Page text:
For those who have perused the internet for any considerable amount of time will tell you, it really does bring out the worst in people. The ‘invisible man‘ syndrome is on full display when you visit most sites that offer the ability to comment, or join a forum. Why bother adhering to the decency of society when no one can see you? I doubt H.G. Wells ever considered the theme of his sci-fi novella coming to real life. Especially in the scope that the internet provides.
Arizona is combating internet trolling, albeit in an inadvertent and dangerous fashion, with Arizona House Bill 2549. For anyone who understands how freedom of speech works in conjunction with the internet; this bill absolutely reeks. Here’s the clause everyone is up in arms over…
“It is unlawful for any person, with intent to terrify, intimidate, threaten, harass, annoy or offend, to use any electronic or digital device and use any obscene, lewd or profane language or suggest any lewd or lascivious act, or threaten to inflict physical harm to the person or property of any person.”
When you read it in this simple form, you begin scratching your head and wonder how the Arizona congress could be so clueless. It’s the wording of “any electronic or digital device” which is worrisome. If you begin to dig deeper it’s pretty obvious where things went awry.
The link I posted above leads you to a PDF of the bill in its purest form, where you see that the original bill was constructed to prevent harassment by use of the telephone. The clause I posted above begins to look a whole lot different when you’re talking about the law protecting against telephone harassment.
I don’t think anyone wants to support the right for someone to call another person directly and harass them, or annoy them. However, the wording leaves a lot to the imagination even when dealing with a phone conversation. I think if the lawmakers left out the words “annoy or offend”, there probably wouldn’t be much to make over this.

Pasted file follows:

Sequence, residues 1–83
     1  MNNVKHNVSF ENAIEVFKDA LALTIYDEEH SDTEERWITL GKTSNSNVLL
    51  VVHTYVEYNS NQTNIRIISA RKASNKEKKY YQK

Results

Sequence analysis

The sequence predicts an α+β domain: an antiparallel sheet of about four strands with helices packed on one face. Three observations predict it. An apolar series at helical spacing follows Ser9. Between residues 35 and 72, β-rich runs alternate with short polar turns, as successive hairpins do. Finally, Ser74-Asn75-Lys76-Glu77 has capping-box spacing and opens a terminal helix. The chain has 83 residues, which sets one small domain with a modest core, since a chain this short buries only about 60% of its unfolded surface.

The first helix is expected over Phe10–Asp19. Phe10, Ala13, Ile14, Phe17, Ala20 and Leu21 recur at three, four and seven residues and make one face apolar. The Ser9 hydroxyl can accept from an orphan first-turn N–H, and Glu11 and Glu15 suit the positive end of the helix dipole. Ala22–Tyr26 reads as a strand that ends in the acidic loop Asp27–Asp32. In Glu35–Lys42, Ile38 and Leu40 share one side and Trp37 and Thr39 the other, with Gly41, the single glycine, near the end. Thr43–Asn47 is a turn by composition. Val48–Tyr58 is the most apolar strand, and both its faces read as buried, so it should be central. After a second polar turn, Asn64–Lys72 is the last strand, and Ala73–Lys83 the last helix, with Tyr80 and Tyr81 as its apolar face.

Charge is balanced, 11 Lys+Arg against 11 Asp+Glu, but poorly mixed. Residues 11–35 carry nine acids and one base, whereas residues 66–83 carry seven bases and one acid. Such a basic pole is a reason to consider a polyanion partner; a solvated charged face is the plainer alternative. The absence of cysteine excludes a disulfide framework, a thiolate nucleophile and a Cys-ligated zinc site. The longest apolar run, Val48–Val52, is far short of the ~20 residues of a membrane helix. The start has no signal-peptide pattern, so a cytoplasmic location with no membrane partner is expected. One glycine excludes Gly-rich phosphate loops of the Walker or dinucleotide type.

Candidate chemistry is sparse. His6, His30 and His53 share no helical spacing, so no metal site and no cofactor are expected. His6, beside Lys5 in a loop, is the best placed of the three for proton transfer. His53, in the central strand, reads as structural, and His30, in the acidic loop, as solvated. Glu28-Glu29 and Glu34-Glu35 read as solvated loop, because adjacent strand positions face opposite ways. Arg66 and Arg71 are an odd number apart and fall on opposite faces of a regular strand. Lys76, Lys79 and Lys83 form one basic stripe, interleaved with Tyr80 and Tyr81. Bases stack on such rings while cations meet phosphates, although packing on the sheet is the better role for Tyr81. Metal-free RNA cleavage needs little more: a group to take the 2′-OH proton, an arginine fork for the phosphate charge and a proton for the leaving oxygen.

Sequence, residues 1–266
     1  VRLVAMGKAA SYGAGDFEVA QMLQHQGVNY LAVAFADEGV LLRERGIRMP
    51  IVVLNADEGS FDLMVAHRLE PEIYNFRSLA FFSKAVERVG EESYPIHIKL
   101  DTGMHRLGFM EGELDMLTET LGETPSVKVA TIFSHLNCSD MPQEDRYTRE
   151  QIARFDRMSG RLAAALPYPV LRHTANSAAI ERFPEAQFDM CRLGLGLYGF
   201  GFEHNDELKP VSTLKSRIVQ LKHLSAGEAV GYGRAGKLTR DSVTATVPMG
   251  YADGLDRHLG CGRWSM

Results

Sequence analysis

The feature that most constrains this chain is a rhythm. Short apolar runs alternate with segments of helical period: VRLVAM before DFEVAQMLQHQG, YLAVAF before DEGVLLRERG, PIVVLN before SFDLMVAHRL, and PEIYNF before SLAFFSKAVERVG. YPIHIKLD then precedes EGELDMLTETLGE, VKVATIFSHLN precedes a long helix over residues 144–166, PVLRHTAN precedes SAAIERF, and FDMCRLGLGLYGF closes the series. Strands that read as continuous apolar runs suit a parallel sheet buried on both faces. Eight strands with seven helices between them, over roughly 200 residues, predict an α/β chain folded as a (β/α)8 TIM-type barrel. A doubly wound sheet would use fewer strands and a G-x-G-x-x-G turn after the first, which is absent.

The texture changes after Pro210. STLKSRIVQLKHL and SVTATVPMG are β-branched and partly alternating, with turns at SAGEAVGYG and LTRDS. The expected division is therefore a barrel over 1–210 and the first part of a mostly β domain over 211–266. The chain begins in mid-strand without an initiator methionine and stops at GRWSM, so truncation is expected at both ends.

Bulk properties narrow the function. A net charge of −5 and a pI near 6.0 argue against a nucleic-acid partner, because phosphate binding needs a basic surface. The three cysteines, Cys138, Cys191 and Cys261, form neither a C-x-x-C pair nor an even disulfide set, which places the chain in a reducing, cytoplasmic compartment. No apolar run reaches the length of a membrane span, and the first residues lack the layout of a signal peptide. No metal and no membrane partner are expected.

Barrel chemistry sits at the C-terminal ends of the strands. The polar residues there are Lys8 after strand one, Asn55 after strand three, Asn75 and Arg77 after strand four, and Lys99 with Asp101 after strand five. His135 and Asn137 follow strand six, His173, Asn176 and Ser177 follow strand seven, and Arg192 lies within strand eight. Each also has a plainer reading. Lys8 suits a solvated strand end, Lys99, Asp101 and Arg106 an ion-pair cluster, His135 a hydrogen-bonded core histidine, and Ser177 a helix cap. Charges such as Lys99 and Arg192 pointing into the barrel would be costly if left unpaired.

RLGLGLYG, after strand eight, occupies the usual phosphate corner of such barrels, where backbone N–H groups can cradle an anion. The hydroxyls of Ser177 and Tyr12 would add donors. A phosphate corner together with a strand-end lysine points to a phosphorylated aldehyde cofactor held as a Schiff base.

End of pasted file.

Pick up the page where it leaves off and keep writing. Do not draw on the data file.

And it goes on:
For those who are well versed on first amendment rights, internet policy, and communication methods utilized online, this bill represents the worst kind of slippery slope. If someone wanted to be creative they could use this bill as ammunition for anything they didn’t like being said.
Imagine if I posted an update on Facebook stating, “President Obama is a pedantic old fart, and hates the United States“, and then someone comes along and tells me, “What a ridiculously stupid comment, why are you acting so foolish? Stop spewing hatred“… Um, excuse me, this person has just annoyed me and I don’t like it. Oh, we both happen to live in Arizona, where HB 2549 states that I have a right not to be annoyed by someone using an electronic or digital device for communication. I guess it’s time to call the police. Technically, the law would be on my side. A judge would probably laugh me out of court, but I’d still have enough to bring about charges.
This is a ridiculous scenario of course, but that’s the point. The language of law is important, as it can open up ridiculous situations and allow laws which were once drafted to protect us be turned into a joke. The bill has made it through both houses of the Arizona congress, and only has Governor Brewer to stop it. Please, just take a second to reword some of the language.
No one likes the invisible man, but it doesn’t mean he deserves to be shot in the face.